Nichols’ Law of Catcher Defence: “A catcher’s defensive reputation moves in inverse proportion to the quality of his hitting.”
From Lowetide’s thread at Oilersnation about the likelihood that Omark is gone at the end of this season:
Linus Omark is woefully terrible defensively
While we are all excited about his ability to play in the offensive zone he is terrible in the d-zone and the neutral zone.
Omark has not stood out at the NHL level and hasn’t seemed to improve his defensive play.
There are a zillion examples of this every time Omark’s name comes up.
I think of myself as a reasonably astute observer of hockey. I cannot, for the life of me, understand why his defence gets such a bad rap. His Corsi for the course of his career is respectable, despite having been shuffled all over the lineup, including some time with the black hole that is the bottom of the Oilers’ lineup. When Renney was faced with a choice between Jones and Omark last year, before Jones had the one way deal, he picked Omark. David Staples documents defensive mistakes on scoring chances – according to him, Omark’s been middle of the road amongst Oilers’ wingers this year in terms of chances on which he was at fault, with guys like Hall, Eberle and Hemsky being worse. Last year, pretty much exactly the same deal. By eye, he’s good on the boards despite being small.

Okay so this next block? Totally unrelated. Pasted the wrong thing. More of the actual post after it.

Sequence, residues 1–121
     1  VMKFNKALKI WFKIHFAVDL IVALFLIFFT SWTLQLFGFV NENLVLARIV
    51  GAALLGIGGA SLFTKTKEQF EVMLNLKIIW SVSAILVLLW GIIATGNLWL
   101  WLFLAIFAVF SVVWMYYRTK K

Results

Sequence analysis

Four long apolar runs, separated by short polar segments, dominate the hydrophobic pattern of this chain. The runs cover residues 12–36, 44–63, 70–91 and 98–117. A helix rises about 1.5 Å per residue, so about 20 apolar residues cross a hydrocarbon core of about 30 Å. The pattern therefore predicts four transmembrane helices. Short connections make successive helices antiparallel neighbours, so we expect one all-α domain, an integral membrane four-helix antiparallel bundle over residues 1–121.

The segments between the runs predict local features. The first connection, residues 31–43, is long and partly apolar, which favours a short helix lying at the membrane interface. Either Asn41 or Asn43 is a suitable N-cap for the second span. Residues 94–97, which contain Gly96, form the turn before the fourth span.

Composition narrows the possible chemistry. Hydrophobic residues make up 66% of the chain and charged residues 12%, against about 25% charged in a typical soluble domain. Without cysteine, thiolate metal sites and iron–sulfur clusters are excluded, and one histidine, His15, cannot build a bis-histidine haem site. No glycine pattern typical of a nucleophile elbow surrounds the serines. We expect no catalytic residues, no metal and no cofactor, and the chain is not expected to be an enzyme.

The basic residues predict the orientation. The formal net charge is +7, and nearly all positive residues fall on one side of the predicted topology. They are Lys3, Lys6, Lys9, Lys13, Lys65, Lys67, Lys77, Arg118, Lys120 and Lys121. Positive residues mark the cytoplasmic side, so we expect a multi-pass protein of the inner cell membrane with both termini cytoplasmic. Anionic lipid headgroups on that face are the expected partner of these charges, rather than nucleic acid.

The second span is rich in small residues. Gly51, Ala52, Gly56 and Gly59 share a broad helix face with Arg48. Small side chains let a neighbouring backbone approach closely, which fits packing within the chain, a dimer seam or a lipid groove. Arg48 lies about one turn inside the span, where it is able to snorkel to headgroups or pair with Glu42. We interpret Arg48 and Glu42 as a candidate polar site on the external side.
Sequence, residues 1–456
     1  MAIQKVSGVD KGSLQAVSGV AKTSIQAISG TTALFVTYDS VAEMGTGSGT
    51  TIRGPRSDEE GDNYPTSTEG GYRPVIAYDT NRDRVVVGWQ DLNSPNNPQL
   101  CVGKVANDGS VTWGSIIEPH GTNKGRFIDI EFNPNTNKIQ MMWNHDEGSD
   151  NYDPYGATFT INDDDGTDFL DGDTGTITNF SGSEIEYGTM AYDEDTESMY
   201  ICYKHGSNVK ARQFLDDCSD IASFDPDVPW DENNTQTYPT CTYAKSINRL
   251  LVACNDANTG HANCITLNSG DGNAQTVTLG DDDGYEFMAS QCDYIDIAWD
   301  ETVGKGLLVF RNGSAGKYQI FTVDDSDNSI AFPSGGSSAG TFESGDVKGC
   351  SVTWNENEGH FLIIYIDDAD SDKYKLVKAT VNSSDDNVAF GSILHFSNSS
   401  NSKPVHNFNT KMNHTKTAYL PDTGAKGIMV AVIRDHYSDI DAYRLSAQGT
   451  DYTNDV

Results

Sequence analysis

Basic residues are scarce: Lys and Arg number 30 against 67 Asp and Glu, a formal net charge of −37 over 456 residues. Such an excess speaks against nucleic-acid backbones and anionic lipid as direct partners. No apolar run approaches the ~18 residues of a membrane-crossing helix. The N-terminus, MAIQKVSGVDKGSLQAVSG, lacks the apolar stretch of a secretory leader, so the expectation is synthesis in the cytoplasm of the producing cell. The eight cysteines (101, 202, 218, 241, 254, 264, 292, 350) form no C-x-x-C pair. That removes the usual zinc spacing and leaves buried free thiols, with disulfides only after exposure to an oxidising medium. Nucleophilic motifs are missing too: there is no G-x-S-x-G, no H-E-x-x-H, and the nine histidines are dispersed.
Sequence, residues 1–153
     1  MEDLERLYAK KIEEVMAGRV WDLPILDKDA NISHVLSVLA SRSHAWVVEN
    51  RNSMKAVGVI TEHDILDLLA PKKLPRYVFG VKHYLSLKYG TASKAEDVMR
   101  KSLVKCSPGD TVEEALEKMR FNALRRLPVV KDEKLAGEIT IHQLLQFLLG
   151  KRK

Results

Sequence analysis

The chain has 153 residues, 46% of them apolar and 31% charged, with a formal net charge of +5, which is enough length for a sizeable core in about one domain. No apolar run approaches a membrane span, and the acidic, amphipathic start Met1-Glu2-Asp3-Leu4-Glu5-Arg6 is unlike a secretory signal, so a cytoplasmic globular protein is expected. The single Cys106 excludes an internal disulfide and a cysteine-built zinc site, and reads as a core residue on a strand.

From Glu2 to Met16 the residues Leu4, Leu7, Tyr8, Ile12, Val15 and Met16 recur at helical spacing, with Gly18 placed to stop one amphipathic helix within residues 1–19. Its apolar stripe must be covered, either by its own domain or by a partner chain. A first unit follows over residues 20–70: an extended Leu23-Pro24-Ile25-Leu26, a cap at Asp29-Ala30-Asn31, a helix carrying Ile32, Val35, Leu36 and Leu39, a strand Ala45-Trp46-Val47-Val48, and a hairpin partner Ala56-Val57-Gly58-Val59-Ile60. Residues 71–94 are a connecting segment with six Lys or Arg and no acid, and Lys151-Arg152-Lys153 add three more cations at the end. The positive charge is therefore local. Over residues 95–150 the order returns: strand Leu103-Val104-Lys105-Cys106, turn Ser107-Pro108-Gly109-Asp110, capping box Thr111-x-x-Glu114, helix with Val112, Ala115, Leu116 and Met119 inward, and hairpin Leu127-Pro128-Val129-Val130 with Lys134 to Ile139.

I should say, in regards to David’s numbers, that I suspect there’s a quality of competition adjustment that needs to be made – seems odd that guys like Hall, Eberle and Hemsky are the worst by that metric. If Omark was so bad though, I’d expect it to show up. It doesn’t.
So why does he have a lousy defensive reputation? I’ve honestly got no idea. It’s a mystery to me. Thinking about the defensive responsibilities of wingers, in general, I come up with a) backcheck hard, b) don’t turn over pucks in your own end when you have a chance to get out, c) collapse towards the net when the puck’s on the other side of the ice, d) keep pucks in the other end of the ice and e) don’t get beat by your man on the point. That looks to me to be about it in the Oilers’ system.
My best guess as to Omark’s reputation is a variant of Nichols’ Law of Catcher Defence: absent other factors, a forward’s defensive reputation moves in inverse proportion to the quality of his offence. Omark hasn’t been able to crack the Oilers full-time, his offensive ability is pretty obvious, so it must be that he’s lousy defensively. In the absence of an obvious explanation, one will be concocted. So, data be damned, he’s lousy defensively.